Category Archives: DVDs

“Craft in America: Teachers” offers an inside look into artists who share creative lessons

PBS Distribution teaches us another valuable lesson by releasing the eighth season of Craft in America: Teachers, the Peabody Award-winning series. This time ’round, the program delves into artists committed to sharing the skills and passion for craft with students of all ages.

Craft in America: Teachers takes an inclusive approach to education and craft, emphasizing that it is never too early–or too late–to acquire skills and appreciation for craft. The education covered in this episode starts with kindergarten exploration and discovery; goes through high school and university where the curriculum becomes simultaneously more liberating and challenging; and develops into the curiosity and enthusiasm of lifelong learning.

These artists/teachers are a special breed. They are found in classrooms and workshops ensuring that their hard-earned wisdom and practical skills are passed on. Across the country these craft artists are dedicated to education–inspiring, evaluating, critiquing and praising their students’ achievements.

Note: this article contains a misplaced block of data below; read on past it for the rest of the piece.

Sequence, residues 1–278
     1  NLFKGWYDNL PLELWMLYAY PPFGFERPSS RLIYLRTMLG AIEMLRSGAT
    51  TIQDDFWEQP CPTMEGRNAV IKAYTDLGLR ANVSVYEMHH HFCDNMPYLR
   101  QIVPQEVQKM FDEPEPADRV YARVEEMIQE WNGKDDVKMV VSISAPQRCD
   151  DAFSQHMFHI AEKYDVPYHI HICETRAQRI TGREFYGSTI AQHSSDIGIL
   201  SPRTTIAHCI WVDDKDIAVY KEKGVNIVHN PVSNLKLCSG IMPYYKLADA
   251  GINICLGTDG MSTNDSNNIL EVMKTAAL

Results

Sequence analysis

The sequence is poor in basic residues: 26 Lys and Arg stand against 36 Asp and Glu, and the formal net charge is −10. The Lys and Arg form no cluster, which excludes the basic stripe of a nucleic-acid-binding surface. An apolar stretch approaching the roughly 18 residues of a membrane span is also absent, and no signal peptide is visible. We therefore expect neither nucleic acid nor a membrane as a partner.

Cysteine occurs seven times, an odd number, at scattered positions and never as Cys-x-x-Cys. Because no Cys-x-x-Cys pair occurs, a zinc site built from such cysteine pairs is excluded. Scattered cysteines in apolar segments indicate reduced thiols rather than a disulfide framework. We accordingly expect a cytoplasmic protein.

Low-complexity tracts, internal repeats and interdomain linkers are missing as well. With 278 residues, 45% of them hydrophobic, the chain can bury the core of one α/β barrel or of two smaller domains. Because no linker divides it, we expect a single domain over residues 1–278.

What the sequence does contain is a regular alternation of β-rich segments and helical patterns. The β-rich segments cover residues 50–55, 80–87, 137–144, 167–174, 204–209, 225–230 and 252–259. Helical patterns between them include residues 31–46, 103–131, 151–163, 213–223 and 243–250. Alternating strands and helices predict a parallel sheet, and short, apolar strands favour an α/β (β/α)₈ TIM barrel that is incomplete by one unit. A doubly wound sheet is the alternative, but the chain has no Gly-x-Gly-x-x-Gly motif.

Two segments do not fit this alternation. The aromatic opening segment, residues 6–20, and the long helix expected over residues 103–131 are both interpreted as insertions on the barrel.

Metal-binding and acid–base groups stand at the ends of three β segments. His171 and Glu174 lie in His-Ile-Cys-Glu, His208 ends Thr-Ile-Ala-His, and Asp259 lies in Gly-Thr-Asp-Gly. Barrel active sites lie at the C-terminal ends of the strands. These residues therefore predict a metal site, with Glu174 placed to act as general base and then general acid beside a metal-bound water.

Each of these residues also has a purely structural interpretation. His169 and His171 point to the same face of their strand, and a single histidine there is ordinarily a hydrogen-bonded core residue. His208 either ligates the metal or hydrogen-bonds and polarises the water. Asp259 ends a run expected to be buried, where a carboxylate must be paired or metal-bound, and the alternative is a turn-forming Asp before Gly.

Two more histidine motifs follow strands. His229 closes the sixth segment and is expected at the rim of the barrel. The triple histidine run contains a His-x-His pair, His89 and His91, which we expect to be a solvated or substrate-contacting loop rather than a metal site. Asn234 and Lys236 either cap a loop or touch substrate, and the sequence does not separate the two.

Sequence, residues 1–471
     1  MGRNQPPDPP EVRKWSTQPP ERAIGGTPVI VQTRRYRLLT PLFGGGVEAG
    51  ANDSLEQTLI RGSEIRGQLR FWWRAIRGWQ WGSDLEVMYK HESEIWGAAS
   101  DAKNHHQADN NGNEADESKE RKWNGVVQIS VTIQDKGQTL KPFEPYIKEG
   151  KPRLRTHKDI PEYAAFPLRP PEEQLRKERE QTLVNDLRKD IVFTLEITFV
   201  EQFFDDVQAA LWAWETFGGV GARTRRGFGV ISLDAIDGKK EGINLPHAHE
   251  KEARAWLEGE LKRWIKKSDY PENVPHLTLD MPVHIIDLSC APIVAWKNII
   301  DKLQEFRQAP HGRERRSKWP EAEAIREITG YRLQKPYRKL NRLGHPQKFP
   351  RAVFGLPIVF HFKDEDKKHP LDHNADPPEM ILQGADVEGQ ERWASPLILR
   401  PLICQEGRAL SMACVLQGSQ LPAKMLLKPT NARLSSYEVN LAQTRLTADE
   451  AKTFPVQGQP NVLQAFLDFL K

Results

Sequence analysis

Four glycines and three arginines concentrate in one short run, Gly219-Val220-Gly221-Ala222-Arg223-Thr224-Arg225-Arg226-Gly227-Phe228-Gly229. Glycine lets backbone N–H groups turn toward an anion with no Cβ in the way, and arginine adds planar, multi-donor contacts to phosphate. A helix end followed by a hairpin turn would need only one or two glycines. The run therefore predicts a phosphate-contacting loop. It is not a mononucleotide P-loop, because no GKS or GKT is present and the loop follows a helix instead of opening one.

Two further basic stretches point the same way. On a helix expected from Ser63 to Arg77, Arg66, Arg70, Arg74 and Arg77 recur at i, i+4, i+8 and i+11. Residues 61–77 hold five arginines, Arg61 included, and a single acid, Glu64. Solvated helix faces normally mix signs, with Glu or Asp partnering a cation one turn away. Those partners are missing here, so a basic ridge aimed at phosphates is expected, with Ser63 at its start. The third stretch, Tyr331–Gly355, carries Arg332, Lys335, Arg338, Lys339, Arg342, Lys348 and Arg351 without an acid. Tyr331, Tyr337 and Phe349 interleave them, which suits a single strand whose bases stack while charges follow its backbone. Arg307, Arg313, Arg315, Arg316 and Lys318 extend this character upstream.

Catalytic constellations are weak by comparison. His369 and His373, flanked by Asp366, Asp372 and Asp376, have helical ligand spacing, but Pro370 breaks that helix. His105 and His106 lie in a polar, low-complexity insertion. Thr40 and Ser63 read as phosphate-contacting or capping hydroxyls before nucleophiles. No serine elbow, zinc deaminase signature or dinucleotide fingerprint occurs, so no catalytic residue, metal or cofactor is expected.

The program begins with the artistry of Navajo weavers Barbara Teller Ornelas and her sister Lynda Teller Pete, both of whom learned the craft of weaving the time-honored way–through family. Often this method of teaching begins with observation, when skills are absorbed. This legacy of learning is essential to Navajo weavers. The Teller sisters spent summers with their grandparents in Canyon de Chelly, Arizona, ancestral home of the Navajo people, in an environment where weaving “is a way of life.”

In early childhood they were introduced to weaving by their mother, Ruth Teller, who instilled the belief that beauty and harmony should be woven into every rug. We film as they teach outdoors amidst the extraordinary natural beauty of the Canyon. They recount the story of Spider Woman who, as ancient legend has it, taught the Navajos to weave. Our cameras then move with them to the Idyllwild Arts Native American Arts Program, where in the summer, they teach the practice of Navajo weaving atop a mountain overlooking Palm Springs, California.